How CEOs can lead their company through disruption

01 February 2023 5 min. read
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With disruption now a new constant, the pressure on CEOs to chart new paths to success is bigger than ever. To deliver on this demanding strategic agenda, CEOs will need to step up their game, says Gabriel Chahine, the Middle East Leader of AlixPartners.

According to the latest Disruption Index by global management consultancy AlixPartners, disruption has firmly nestled itself as the economy’s “new economic order”.

The report, which surveyed 3,000 senior executives from around the world, concludes that every CEO nowadays not only must contend with the challenges of competitors, costs, and customers, but also with sudden shifts in the business environment and with inexorable, long-term trends that are transforming how businesses win – and lose.

Expected rate of business model change

Globally, 98% of respondents told AlixPartners that they expect to change their business models in the next three years, but at the same time, 75% worry that their companies are not adapting fast enough.

In the Middle, the picture is not very different. In Saudi Arabia, for instance, 70% of senior executives believe the frequency of disruptive forces will continue at the same pace or even increase over the next two to three years.

So how can leaders respond to such disruption? One element which becomes clear from the report (and dozens of previous studies on the essence of leadership) is that the role of leadership – and in particular the CEO – is paramount. “Effectively responding to the challenges from disruption requires superb top leadership,” comments Gabriel Chahine, a former Strategy& partner who leads AlixPartners in the Middle East.

Chahine outlines five CEO traits and behaviours which he deems as key to succeed:

Disrupt yourself

Business leaders must be courageous to break away from tried and true but rapidly fraying business models, even when it feels hard. They should challenge all assumptions and make the hard decisions now, as they’ll only get more painful with time.

And they must keep it simple. The ability of individuals and the organization to focus on multiple priorities is limited, so they must paint the vision for disruption – and then disrupt.

Stay digitally fit

Digital is not something CEOs do. The must basically live it. The digital capability will soon underpin every successful company everywhere. Like cell respiration for biological organisms, digital must become part of a company’s metabolism. It cannot be something that exists in a single department or outside of the core organization, but rather the lifeblood of the organization and everyone’s responsibility.

Growth leaders prioritize investment in digital technologies

For businesses to thrive, leaders must focus on the business problem, not the technology. By focusing on the business problem, leaders can determine the necessary technological support and build a manageable and scalable program with a measurable return on investment.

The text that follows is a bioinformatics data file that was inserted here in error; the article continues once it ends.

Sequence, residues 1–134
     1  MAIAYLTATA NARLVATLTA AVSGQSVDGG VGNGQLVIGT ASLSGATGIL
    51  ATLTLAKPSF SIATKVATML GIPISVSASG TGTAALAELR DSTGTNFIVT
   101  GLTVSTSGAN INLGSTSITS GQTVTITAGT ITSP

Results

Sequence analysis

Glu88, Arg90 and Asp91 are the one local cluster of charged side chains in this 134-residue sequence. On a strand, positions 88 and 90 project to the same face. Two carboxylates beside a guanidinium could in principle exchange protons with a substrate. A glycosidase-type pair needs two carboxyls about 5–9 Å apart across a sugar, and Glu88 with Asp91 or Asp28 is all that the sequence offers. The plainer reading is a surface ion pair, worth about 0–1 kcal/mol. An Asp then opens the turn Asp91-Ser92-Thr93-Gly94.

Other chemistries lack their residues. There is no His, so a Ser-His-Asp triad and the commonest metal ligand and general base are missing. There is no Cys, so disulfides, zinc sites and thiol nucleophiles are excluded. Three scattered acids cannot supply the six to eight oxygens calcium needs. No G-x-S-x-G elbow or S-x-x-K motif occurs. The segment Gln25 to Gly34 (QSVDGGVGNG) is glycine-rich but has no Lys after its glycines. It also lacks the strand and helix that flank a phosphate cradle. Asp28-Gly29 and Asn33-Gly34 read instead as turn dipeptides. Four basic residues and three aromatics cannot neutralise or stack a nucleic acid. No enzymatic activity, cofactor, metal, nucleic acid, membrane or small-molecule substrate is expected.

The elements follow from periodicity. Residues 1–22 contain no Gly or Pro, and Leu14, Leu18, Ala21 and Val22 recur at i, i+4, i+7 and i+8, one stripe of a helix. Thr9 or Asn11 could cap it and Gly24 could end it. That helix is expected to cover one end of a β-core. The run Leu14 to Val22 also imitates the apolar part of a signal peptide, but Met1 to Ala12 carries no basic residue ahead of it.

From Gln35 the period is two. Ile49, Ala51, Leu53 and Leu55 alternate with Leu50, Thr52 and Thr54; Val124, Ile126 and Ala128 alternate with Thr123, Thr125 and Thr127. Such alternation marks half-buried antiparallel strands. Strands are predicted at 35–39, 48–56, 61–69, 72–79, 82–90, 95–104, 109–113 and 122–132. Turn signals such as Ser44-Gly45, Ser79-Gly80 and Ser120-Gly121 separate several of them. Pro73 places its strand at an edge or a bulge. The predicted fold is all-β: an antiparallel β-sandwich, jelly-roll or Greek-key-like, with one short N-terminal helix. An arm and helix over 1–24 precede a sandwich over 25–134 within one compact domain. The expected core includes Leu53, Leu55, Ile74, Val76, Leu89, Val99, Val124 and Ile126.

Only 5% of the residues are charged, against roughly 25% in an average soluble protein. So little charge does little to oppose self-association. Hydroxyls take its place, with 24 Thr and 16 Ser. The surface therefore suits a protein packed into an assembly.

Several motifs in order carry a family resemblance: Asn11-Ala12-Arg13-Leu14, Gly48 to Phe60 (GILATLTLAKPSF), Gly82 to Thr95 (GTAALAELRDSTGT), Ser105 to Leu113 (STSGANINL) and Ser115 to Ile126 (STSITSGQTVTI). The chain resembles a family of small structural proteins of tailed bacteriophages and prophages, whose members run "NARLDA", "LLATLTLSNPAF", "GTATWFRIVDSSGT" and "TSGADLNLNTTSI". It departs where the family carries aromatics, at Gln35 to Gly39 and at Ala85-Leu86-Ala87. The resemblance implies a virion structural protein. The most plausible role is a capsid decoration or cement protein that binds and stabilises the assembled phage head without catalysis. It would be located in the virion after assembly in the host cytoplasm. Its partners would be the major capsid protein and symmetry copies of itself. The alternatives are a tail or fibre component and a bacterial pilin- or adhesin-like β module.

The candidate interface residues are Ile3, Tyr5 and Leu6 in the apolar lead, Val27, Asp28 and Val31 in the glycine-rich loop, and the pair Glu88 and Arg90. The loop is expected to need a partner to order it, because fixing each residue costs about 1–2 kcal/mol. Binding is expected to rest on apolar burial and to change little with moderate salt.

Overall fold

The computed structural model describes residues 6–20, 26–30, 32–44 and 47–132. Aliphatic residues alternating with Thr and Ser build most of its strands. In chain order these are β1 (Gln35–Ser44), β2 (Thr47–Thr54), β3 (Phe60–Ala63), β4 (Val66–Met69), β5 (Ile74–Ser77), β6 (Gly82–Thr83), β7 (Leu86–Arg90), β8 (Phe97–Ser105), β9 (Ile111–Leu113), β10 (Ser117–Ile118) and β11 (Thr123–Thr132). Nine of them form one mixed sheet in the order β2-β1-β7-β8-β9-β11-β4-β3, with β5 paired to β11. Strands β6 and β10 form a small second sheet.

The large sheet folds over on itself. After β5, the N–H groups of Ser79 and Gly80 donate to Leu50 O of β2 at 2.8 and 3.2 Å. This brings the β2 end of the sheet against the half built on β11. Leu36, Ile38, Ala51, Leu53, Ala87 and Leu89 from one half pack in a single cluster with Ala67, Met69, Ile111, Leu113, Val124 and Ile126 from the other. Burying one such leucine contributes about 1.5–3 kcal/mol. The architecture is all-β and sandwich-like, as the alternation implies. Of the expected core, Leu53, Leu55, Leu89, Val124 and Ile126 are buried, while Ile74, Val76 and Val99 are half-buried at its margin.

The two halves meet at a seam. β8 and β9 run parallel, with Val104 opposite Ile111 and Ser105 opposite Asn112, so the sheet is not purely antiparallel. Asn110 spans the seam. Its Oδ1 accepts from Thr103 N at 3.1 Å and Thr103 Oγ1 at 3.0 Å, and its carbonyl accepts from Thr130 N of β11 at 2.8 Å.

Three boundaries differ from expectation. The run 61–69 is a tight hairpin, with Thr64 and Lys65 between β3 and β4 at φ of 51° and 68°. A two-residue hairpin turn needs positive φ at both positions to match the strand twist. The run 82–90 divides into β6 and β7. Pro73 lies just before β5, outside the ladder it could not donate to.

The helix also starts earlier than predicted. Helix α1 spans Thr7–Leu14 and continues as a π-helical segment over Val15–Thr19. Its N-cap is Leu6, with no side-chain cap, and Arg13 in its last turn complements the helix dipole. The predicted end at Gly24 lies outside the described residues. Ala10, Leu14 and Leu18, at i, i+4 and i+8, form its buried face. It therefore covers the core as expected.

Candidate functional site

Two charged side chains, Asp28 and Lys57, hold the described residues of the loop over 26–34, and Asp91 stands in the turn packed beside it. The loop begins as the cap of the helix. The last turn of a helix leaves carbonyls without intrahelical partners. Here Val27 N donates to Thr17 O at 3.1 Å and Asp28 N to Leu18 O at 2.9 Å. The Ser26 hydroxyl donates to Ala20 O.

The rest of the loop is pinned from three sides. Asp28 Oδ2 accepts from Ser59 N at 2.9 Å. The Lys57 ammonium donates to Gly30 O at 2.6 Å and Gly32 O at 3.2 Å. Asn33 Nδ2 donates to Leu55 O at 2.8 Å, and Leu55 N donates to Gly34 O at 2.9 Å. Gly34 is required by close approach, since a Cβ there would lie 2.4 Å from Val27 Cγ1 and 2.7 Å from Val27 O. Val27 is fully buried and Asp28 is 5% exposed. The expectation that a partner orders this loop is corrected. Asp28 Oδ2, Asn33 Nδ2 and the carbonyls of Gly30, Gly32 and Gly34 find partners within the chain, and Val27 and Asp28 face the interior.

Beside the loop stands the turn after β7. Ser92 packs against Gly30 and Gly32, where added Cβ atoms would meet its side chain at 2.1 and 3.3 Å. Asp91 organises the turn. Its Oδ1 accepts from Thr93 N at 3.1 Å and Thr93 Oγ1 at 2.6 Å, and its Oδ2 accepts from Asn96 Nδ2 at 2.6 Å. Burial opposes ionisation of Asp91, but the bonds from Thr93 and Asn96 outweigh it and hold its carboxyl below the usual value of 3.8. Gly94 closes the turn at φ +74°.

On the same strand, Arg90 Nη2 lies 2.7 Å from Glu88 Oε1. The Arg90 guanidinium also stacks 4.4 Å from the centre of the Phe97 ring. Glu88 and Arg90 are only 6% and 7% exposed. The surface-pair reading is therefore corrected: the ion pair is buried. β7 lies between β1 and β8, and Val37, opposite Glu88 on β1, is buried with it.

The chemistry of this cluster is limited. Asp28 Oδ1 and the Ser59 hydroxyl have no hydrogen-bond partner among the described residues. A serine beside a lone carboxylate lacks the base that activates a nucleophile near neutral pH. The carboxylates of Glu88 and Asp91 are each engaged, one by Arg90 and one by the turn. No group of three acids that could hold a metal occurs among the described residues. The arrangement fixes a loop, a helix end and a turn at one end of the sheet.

Future proof workforce

Those leading businesses or human capital programs must begin to build the workforce the company needs versus the one it has. And they must think broadly across all staff areas – not just senior executives or elite talent, but all talent. Diverse capabilities will need to be sourced from atypical places with training programs devised for the skills the future company needs.

Many jobs that need to be done aren’t jobs that have ever been done before, so we can’t always expect to find experienced workers to fill the roles.

Top workforce issues

It’s time to draw on the creative strengths of leadership teams while leveraging technology as a collaborator with talent, not a replacement. Future employees will need to be increasingly digital and be given the tools and training to stay on top of their game. A company’s workforce is its biggest asset. Investing in making it thrive will be essential to press through the disruption.

Need for speed

Leaders need to take an action mindset – plan less and do more. A solid plan to respond to the disruption that is implemented with speed and rigor will consistently outperform a perfect plan executed poorly.

Leaders must learn to iterate and evolve plans while gaining experience and knowledge. If something’s not working, they must ask why, then address the issues and reorient.

Where companies are investing to grow

Leading change

Three skills are essential for a leader: resilience, adaptability and emotional intelligence. And this must begin with CEOs – how they lead, the types of leaders they hire and promote and the processes and results they reward. It must then cascade to the executive team and the rest of the organization.

To conclude, the 2020s is a decade filled with promise, but that promise is underpinned by the most disruptive outlook we have ever seen. The winners of disruption will only be those that embrace the new normal and are true disruptors. If leaders do not inspire and guide others along their journey, any transformation will fail.